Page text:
Quantcast
10 Games That are Best on Vita - VGChartz
10 Games That are Best on Vita

10 Games That are Best on Vita - Article

by Adam Cartwright , posted on 07 December 2019 / 2,551 Views

In today’s gaming market it seems that late, expanded ports are becoming an increasingly common occurrence – a title isn’t just released once, but tinkered with and re-released months or years later with extra content included to help convince people to double dip. While this brings many advantages (most notably, helping these games increase their audience thanks to new buyers on new consoles), it also has some disadvantages (namely frustrating buyers of the original version who may feel like they’ve gotten a bad deal).

Thanks to the timing of the Vita’s release and its relative power compared to the home consoles at the time (PS3 & Xbox 360), it saw the benefit of a number of these late ports which have remained the ‘definitive’ versions to this day. It’s these games that I’m aiming to look at in this article – titles that are best on Vita by virtue of extra bells and whistles, tweaked controls, and content, or in some cases just a general feeling that Sony’s portable hardware is the most enjoyable way to play.

 

Ar nosurge Plus

Japanese developer Gust, known for its prowess with turn-based RPGs, made the Vita its home for seven years, during which time the company ported numerous titles across from the PS3 to the handheld. Ar nosurge was a strange case – it was a sequel to a Vita-only title called Ciel nosurge, but initially it only launched on Sony’s home console (where it saw particularly modest sales). Less than a year later this was rectified and the game was also brought to the portable machine.

That extra time in the oven meant that bonus content was included in the Vita port (justifying the Plus subtitle), which ensured that it was the definitive version (and a brilliant game in any event). New costumes were added for all of the game's the characters, as well as new tutorials and balancing tweaks. It also included three new characters that you could have ‘purification’ events with (intimate conversations in a pool of water), as well as all of the DLC that was released for the PS3 version, meaning that if you want to visit the Surge Concerto universe the Vita version is absolutely the best way to do so.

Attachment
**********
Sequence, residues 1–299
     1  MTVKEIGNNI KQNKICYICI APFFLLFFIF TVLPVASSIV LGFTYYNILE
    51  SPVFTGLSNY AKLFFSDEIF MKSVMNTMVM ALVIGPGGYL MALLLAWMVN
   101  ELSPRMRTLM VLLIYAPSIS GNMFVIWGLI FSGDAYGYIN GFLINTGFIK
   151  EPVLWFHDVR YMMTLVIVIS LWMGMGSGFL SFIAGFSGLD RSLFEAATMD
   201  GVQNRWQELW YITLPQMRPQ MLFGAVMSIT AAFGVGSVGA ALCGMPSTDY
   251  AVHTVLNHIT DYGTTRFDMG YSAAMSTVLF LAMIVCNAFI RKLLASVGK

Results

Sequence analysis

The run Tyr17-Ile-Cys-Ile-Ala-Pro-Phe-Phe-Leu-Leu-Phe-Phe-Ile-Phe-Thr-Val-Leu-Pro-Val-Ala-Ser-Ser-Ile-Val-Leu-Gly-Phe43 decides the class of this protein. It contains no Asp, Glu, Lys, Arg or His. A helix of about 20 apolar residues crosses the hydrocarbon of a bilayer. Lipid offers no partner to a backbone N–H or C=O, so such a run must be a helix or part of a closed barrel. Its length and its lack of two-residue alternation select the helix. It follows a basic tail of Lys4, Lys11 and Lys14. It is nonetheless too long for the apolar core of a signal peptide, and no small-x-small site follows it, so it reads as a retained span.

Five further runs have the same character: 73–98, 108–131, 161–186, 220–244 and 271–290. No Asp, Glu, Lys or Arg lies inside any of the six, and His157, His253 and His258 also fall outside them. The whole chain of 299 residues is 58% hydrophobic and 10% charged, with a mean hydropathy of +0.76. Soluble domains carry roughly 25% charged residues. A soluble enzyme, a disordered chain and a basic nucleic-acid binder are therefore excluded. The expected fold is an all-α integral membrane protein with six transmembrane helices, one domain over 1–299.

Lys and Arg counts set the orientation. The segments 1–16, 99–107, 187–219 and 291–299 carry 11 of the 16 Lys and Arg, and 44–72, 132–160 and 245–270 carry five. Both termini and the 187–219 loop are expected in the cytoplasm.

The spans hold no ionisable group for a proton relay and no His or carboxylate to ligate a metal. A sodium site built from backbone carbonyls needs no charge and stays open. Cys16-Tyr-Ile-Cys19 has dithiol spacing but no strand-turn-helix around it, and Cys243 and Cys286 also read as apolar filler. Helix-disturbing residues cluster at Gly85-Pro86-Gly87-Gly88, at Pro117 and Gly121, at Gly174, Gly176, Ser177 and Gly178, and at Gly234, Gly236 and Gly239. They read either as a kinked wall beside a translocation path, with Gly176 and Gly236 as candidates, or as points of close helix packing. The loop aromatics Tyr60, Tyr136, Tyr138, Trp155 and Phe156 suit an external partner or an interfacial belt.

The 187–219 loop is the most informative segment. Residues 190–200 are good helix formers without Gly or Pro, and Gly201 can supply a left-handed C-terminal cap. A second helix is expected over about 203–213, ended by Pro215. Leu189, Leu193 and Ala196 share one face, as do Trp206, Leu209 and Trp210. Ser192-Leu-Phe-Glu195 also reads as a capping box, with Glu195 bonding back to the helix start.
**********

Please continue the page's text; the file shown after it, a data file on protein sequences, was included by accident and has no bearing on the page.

Civilization Revolution 2 Plus

Originally intended as a simplified entry in the complex and intense 4X Civilization strategy series, Civilization Revolution landed on consoles in 2008 and was quickly followed by a sequel in 2014 which, oddly, only hit mobile devices (Android/iOS). Eventually, this sequel was brought to the Vita (in an odd reversal of tradition, to Japan first, followed by the west), complete with tonnes of extra bells and whistles that made it the best possible version of an already stuffed game.

New elements included three new world leaders (Himiko, Oda Nobunaga, and Heihachiro Togo), along with scenarios modelled after their respective campaigns (all based on various points in Japanese history), new units, and plenty of new opportunities to win through diplomacy or violence. Sadly, multiplayer did get cut in the conversion, but in light of the platforms it launched on that was a small omission in an otherwise extremely enjoyable handheld package.

 

Earth Defence Force 2: Invaders from Planet Space & Earth Defence Force 2017 Portable

The Earth Defence Force games are somewhat of an acquired taste – a series of third-person shooters that have you eliminating huge swarms of giant alien bugs in a ridiculously campy and over-the-top b-movie style. The Vita did very well for fans of the franchise, receiving two entries (the second and third, although technically one of them is a remake of the original). In both cases the handheld ports contained tonnes of extra content, making them the definitive releases.

The first of those was Earth Defence Force 2017, a straight port of the Xbox 360 original, which included six new missions, a handful of DLC bonus weapons, as well as a brand new class – pale wing, a flying soldier who completely changes how the game is played, turning it into a fantastic classic in my eyes. This was followed by Earth Defence Force 2: Invaders from Planet Space, a more significant remake of Global Defence Force, which again added more missions and another new class – the air raider, a demolitions expert who can call in massive airstrikes from above.